Wednesday, September 9, 2009

"Be warned."

Attention all fans of sensationalist Victorian fiction! If you haven't read The Somnambulist, you are missing out! Jonathan Barnes is a very talented author who has produced a great addition to this genre of fiction.

I knew from the first sentences of this book that I was in for a unique and fun read.
Be warned. This book has no literary merit whatsoever. It is a lurid piece of nonsense, convoluted, implausible, peopled by unconvincing characters, written in drearily pedestrian prose, frequently ridiculous and wilfully bizarre. Needless to say, I doubt you'll believe a word of it.
Yet I cannot be held wholly accountable for its failings. I have good reason for presenting you with so sensational and unlikely an account.
It is all true.

The narrator of this tale is as amusing and enigmatic as he is self-effacing. He tells us the tale of one Edward Moon, a magician and detective, and his assistant, The Somnambulist, who can be run through with swords yet does not bleed. We never learn why The Somnambulist is called this and the narrator doesn't seem to care. This is just one of many "implausible" things that we are expected to accept in this bizarre tale. Moon is bored and so agrees to join a murder investigation after he is approached by Inspector Merryweather of Scotland Yard. Strangely, he is propositioned at the same time by a secret government agency, The Directorate, and is asked to figure out the origins of a mysterious plot against all of London. It turns out that the murder is the tip of the iceberg in a wholly bizarre scheme to bring down the city.

This book succeeds because of the light way in which it was written. It's true that most of it is strange and unbelievable but it doesn't attempt to be serious and dark. It was written as entertainment and it is, in fact, highly entertaining. It's one of those books that you start casting for the movie in your head while you are reading it.

This was another read for the R.I.P. IV Challenge. It had murder, circus freaks, supernatural thugs and a reanimated corpse. In short, it was a perfect perilous read. I think I received this book last Christmas and I'm annoyed that I didn't pick it up earlier. I could have enjoyed it months ago and been ready to read Barnes' new book, The Domino Men -- another tale featuring The Directorate. Now that one is on my wishlist and I'm sure I will read it as soon as I get it.

Moving on to new terrors,

Support our site and buy The Somnambulist on Amazon or find it at your local library.


  1. Oh wow, I'm adding this to my wishlist right now xD It sounds awesome.

  2. Love love love that opening paragraph! That sounds like my type of book -- even though I probably would have skipped over it had I not read your review.

  3. While there were a lot of things I liked about this book, ultimately it left me kind of cold. I wanted something more from it, but I'm not sure what. I'm glad you enjoyed it, though, & it does have a most excellent first paragraph!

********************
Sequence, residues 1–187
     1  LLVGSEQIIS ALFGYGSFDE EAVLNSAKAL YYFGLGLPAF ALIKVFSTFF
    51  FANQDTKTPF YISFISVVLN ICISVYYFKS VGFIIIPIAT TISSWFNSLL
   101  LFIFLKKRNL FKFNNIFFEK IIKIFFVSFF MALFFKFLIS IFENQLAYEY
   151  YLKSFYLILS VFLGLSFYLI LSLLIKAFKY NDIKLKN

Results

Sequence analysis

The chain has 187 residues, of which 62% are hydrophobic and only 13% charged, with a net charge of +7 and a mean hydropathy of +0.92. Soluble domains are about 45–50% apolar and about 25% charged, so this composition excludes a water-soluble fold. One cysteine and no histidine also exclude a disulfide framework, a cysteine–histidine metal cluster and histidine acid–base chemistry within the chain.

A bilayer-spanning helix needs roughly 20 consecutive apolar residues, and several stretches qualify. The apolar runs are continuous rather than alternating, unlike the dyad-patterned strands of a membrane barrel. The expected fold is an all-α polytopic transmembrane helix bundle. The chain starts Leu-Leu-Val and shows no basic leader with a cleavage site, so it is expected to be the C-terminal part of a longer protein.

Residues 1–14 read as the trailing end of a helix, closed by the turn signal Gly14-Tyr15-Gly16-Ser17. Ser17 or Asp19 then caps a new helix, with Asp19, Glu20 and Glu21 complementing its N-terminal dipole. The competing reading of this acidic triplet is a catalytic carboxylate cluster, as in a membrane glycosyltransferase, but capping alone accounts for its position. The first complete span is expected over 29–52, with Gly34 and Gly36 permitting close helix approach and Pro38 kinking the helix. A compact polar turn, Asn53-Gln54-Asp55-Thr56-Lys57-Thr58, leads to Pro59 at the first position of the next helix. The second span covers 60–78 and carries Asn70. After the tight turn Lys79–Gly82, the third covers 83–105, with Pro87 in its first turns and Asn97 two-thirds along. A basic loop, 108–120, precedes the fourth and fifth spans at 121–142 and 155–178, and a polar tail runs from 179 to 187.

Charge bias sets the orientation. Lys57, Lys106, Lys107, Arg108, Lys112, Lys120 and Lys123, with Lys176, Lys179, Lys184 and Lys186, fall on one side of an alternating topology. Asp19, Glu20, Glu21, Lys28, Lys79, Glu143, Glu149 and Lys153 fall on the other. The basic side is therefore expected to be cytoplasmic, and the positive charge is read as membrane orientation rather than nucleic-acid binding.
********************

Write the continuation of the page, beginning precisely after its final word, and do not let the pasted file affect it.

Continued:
4. When done well, not much can beat Victorian sensationalist fiction. One of my favorite books from last year was The Meaning of Night. This sounds like it could be just as good.

  5. RayRay - It's a fun book!

    Jenners - That's the great thing about this community, right? :)

    Caitlin - I felt like this book delivered all that it promised to. I would have liked to have more background information on the characters but in the way it was narrated and by whom, it wasn't possible.

    Teresa - I didn't think this was as good a book as The Meaning of Night just because I thought that one was more serious about everything that happened and was well-written and well-formed as such with deeper characters and settings. This one is well-written but as a lighter sensational fare and it delivers that. I guess it is hard to compare the two because they feel so different.

  6. This one's been on my mental list for a long time and your description of it sounds like something I need to move up. Although very different there are parts of your review that remind me of The Manual of Detection which I read (and need to review) earlier this summer.

  7. Carl - I just picked up The Manual of Detection recently too ... I'm sure I will read it during this challenge. I hope it was good!

  8. *kicking myself I can't believe I haven't read this yet. This was on my RIP list for last year, if you can believe it. I started it, then put it down for something else, which doesn't make a whole lot of sense since I thought it was great.

    And you've written a great review! I absolutely must get to this this year.

  9. JS - I hope that you like it! It's a great RIP read.